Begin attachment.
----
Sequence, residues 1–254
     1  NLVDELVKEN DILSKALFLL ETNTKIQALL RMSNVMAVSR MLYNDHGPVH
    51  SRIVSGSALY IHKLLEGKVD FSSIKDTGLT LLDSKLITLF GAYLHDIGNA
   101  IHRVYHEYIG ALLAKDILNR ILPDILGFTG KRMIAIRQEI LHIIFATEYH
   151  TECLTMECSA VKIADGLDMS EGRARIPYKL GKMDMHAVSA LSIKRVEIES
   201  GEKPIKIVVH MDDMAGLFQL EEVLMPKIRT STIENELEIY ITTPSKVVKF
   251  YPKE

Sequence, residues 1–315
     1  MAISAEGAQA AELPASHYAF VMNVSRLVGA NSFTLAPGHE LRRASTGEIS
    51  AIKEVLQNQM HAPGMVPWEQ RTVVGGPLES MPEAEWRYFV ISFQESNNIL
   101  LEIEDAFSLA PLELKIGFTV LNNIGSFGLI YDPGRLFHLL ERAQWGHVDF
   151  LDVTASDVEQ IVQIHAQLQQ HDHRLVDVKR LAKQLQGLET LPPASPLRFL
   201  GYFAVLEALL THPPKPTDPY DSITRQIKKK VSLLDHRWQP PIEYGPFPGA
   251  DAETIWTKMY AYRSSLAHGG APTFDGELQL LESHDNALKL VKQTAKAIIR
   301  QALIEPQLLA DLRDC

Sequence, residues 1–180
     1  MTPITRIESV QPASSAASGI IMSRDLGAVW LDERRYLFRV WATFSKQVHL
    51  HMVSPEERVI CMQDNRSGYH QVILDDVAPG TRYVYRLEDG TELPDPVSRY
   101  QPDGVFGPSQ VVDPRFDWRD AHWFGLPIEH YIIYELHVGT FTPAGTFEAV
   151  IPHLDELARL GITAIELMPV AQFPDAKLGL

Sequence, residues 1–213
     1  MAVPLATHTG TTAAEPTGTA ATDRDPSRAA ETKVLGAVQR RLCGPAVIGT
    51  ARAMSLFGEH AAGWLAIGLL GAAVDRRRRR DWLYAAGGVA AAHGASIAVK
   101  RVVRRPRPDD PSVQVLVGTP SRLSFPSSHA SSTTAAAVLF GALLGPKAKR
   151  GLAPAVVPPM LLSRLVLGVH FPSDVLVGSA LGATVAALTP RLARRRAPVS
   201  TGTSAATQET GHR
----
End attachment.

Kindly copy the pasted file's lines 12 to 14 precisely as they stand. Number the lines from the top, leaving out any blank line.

   151  LDVTASDVEQ IVQIHAQLQQ HDHRLVDVKR LAKQLQGLET LPPASPLRFL
   201  GYFAVLEALL THPPKPTDPY DSITRQIKKK VSLLDHRWQP PIEYGPFPGA
   251  DAETIWTKMY AYRSSLAHGG APTFDGELQL LESHDNALKL VKQTAKAIIR